Endoscopy Services at Kingwood Medical Center are designed to minimize patient fears, pain and discomfort. Patients are under a light sedation during testing, which involves inserting a small scope into the body. We also use state-of-the-art technologies to produce improved images, leading to more accurate diagnoses.
Gastrointestinal (GI) disorders are more common as we age and are more treatable when caught early. That’s why annual screening is so important for people age 50 and older. Common concerns that can be evaluated with endoscopy include heartburn, stomach pain, swallowing difficulties and anemia.
The endoscope is a long, flexible tube with a camera that is used to see inside your digestive tract. It can be inserted through the throat (upper endoscopy) or through the bowels (lower endoscopy), allowing physicians to see evaluate the interior surfaces of an organ.
Endoscopies can be used for both diagnostic tests and treatments, often during the same procedure. For instance, a physician may see a polyp (a small growth) through the scope then take small biopsies or even surgically remove it during the same procedure.
Some of the endoscopic procedures commonly used for diagnosis and treatment include:
- Upper Endoscopy. This is often just called “endoscopy” (or esophagogastroduodenoscopy by physicians). It is used for disorders in the upper GI tract including the mouth, esophagus, stomach and small intestine.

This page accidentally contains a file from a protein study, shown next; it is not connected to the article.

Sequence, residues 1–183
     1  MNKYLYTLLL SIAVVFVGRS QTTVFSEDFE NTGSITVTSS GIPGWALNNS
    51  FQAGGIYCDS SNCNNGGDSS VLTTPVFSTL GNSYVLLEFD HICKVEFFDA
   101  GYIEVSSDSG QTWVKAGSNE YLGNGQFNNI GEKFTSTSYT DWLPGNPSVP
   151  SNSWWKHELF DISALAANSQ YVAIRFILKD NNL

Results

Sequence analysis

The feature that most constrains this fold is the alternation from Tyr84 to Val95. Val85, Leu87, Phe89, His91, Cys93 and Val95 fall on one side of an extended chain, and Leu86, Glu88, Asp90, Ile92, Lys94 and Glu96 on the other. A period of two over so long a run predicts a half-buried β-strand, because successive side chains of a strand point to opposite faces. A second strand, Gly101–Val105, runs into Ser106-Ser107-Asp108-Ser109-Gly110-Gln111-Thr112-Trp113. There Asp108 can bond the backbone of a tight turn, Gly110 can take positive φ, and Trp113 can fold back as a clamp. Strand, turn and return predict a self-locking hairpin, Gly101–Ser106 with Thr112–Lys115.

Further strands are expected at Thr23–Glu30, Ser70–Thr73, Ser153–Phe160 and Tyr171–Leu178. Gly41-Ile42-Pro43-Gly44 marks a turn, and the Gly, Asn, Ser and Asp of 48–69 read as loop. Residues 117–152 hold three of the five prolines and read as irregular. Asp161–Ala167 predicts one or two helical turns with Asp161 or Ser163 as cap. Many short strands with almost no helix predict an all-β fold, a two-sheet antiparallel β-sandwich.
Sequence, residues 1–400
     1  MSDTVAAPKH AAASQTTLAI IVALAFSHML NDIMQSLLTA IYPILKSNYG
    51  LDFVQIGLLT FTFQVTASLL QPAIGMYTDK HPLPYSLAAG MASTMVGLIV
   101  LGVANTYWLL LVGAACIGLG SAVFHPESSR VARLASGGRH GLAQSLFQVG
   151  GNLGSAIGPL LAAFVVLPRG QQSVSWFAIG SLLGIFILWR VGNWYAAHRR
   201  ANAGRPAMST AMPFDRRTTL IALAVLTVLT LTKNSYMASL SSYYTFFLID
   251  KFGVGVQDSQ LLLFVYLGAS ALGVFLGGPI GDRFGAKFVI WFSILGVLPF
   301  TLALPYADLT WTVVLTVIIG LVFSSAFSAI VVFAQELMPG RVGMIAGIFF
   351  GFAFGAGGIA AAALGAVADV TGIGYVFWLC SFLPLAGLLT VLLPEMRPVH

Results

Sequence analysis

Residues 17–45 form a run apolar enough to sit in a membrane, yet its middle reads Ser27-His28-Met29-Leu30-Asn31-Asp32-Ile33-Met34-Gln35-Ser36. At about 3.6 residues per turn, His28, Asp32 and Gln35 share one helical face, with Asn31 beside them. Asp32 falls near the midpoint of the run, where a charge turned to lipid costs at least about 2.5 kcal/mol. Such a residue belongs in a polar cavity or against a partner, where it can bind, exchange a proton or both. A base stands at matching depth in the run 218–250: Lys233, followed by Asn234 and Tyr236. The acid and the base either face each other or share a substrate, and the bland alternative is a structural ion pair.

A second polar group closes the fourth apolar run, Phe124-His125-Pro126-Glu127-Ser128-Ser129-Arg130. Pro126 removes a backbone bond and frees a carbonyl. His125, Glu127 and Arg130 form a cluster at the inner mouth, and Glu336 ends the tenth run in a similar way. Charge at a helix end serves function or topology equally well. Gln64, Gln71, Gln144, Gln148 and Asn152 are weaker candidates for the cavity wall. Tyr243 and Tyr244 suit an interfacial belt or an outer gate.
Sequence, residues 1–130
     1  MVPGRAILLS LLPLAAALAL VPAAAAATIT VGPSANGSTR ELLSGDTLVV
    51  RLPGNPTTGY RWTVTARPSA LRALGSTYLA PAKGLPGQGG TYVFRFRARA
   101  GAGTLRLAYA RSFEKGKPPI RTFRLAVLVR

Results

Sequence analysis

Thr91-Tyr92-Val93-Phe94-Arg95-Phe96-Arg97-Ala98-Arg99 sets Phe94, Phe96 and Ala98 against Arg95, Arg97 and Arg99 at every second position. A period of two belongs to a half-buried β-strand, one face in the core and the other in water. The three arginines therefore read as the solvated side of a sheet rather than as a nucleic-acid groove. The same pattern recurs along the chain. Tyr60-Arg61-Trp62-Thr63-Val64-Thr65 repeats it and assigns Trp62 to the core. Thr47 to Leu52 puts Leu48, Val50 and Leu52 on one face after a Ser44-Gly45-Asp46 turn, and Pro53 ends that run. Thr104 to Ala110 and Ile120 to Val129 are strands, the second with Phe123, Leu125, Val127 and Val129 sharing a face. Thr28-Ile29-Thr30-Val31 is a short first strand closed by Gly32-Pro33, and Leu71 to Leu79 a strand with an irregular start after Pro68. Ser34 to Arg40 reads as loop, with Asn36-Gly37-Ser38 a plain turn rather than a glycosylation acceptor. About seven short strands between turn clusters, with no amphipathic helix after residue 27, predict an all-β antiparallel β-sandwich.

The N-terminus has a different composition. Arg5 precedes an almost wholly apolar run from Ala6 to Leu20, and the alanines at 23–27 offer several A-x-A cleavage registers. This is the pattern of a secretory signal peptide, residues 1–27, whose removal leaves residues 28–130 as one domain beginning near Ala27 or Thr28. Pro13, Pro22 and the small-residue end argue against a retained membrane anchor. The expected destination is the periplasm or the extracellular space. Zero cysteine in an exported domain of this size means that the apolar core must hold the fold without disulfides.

- Colonoscopy. This might also be called a Lower Endoscopy because it is used to evaluate the lower GI tract, including the rectum and colon (or large intestine).
- Gastroscopy. Similar to an upper endoscopy, but used to specifically examine the esophagus and stomach.
- Endoscopic retrograde cholangiopancreatography (ERCP). Endoscopy used to evaluate the gallbladder or assess gallstones.
- Endoscopic Ultrasound (EUS). A procedure that combines endoscopy with an ultrasound to produce detailed images of the digestive tract and nearby organs, including the liver, pancreas and lymph nodes.
- Dilations. A procedure to dilate or stretch a narrowed area of the digestive tract. For instance, esophageal dilation stretches an area of the esophagus, usually in the treatment of acid reflux.
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